Chelsea Green Publishing

Chelsea Green Blog


November 2006

Local food and carbon, cont’d further

Fat Knowledge is going to town on this question, doing all the legwork. He/she’s coming up with some interesting results.

Read More

Carbon impact of local foods, cont’d

One of the comments at Environmental Economics (on the post that asks if buying locally produced food actually is better for the environment, from the standpoint of greenhouse gas emissions) links to a back-of-the-envelope estimate of petroluem used in buying local produce vs. long-haul produce. It’s worth checking out. If all this is true, it’s […]

Read More

CFRA newsletter: ethanol, etc.

The latest is out from the Center for Rural Affairs. This November 2006 issue is particularly good, with several articles on ethanol issues. Also “corporate farming notes,” “top 10 reasons why small schools work better,” among other topics. It’s currently available here, but soon will be archived here. Some highlights: Now is the time to […]

Read More

Green living tip of the day

When you wash your hands at a sink that has a delay in providing hot water, and you are not going to wait for the water to get warm to wash your hands, make sure you turn on the cold-water knob instead of the hot-water knob. The temperature of the water you wash your hands […]

Read More

Carbon Economics of Local Food

Over at Environmenal Economics, a reader writes: I am curious about might be called the “carbon economics” of buying local food. Here’s the deal… I read everywhere that most food sold at my nearby grocery store travels thousands of miles to get here. The implication is that all those travel miles results in lots of […]

Read More

Pope on religion: “Matthew Sleeth is da man!”

Carl Pope, that is, top dog at the Sierra Club. Sleeth went out to the SC hq recently for a confab; explaining to those birkenstock-wearing West Coast elites that they’ve got to avoid high horses if they want to speak to the God-fearing crowd. Pope digs it.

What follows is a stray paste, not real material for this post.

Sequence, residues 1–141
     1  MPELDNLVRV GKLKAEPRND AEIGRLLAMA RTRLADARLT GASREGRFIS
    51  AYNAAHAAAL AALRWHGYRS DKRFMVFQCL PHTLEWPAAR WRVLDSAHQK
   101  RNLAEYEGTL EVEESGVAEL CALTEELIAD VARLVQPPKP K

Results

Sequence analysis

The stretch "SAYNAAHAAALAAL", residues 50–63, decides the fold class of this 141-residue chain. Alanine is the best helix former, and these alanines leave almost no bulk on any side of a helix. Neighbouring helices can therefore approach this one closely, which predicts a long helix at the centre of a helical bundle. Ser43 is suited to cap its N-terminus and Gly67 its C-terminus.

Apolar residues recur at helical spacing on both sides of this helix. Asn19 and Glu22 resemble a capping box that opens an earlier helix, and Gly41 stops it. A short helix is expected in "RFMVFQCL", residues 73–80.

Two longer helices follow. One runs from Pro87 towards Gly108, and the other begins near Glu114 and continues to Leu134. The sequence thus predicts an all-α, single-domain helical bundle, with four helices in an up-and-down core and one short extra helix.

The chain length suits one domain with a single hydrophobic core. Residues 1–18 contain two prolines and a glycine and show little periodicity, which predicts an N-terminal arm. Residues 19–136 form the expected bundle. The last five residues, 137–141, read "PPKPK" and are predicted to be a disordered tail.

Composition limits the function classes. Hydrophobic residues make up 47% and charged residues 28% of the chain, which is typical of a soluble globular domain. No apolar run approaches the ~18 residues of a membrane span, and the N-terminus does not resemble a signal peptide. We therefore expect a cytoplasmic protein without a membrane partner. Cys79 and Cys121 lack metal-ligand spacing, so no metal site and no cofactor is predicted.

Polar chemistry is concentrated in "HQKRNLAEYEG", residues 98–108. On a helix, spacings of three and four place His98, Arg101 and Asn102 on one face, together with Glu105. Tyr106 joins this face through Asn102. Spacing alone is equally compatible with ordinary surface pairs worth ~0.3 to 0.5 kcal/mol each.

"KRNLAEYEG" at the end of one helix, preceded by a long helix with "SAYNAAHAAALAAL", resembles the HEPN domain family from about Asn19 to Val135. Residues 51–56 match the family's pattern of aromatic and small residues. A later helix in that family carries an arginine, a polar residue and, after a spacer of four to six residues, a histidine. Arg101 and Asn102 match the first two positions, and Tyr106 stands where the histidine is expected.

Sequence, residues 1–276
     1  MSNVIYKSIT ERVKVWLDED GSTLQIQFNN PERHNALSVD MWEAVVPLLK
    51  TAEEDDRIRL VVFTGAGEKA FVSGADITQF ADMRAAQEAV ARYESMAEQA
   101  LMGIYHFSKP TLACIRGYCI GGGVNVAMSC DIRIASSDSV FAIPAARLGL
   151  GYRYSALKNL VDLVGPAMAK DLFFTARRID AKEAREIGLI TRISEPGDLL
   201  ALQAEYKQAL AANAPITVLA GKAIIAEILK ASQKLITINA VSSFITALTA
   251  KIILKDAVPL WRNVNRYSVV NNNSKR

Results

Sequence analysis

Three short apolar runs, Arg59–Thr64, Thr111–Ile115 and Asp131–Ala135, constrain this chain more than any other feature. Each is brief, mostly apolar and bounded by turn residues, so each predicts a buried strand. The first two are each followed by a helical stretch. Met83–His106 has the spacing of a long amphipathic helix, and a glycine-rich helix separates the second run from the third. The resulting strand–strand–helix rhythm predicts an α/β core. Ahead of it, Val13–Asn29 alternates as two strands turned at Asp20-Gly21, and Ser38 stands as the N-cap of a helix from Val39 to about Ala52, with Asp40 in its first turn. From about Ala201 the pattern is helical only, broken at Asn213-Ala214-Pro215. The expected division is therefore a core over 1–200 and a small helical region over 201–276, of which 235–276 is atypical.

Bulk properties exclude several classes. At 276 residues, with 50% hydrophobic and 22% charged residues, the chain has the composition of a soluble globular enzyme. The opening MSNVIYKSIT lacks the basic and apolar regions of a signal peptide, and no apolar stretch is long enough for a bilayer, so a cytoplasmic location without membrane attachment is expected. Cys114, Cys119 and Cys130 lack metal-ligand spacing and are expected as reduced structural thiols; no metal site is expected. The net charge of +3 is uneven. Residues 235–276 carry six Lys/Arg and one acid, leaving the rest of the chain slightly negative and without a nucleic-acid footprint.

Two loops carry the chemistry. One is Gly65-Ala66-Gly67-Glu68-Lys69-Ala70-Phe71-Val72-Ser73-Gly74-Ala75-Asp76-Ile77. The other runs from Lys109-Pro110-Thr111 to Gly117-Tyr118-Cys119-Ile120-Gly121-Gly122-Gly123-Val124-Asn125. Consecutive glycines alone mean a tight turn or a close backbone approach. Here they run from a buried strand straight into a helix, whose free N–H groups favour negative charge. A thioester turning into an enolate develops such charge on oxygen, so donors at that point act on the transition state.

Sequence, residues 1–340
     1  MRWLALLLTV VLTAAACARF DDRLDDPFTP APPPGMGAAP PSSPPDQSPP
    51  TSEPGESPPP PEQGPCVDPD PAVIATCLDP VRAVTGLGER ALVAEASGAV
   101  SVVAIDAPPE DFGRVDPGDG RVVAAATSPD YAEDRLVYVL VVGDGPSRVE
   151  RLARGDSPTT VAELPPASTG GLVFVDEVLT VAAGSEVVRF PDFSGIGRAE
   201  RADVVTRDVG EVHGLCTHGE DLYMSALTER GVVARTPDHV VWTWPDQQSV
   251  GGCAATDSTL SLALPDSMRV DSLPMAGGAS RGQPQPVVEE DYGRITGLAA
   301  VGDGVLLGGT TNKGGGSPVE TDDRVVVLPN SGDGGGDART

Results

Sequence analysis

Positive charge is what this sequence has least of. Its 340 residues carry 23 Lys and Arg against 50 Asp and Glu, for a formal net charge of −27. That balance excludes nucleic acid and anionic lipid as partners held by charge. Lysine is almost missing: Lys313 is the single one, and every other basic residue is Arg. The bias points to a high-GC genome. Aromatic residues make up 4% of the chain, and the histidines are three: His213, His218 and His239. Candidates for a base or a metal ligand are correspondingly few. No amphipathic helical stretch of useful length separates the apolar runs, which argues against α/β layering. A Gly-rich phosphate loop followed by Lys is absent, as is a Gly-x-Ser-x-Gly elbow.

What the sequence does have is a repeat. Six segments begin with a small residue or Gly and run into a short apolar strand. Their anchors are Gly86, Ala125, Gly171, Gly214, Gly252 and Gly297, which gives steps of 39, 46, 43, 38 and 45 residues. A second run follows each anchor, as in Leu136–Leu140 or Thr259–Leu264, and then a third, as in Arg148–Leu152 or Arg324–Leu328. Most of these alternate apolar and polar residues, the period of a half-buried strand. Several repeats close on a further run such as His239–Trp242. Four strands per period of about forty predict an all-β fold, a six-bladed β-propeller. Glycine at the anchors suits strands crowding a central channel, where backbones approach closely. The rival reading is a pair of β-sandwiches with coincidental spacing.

Read More

Eliot and Barbara, north but not forgotten

Here’s a nice article that should inspire some four-season farming. The Winter Garden | Warming Recipes From Four Season Farm Maine winters may be icy, but the couple behind Four Season Farm won’t let the chill stop them. The hearty, warming recipes here—some from the farm, others from grateful local chefs—take full advantage of their […]

Read More

Fried green farmers’ markets

The latest issue of the Nation has an article on the surge in farmers’ markets in Alabama, and the help that is given to this movement by the US government’s WIC/FMNP program (Women, Infants, and Children Farmers Market Nutrition Program). And also that the program is way too small. The online version of the article […]

Read More

The Depths of Science and the Heart, Briefly Illuminated

For Immediate Release November 15, 2006 Luminous Fish Tales of Science and Love By Lynn Margulis Contact: Jessica Saturley, 802-295-6300 x.106 “Luminous Fish is unadulterated Lynn Margulis, fascinating and fun all the way as you follow her characters—real and fictionalized—through the challenges and turmoils of life. Great reading!” —J. Woodland Hastings, Paul C. Mangelsdorf Professor […]

Read More

Mass Audubon reading and wandering

Over at Mass Audubon’s South Shore Journal blog, they’re taking long walks and talking about books. Latest picks for their book club include our local-kid-makes-good, Tim Traver. …The week rolled on through Wednesday, when I delivered a presentation on lighthouses to a local church group, and our natural history book club discussed Rachel Carson’s Silent […]

Read More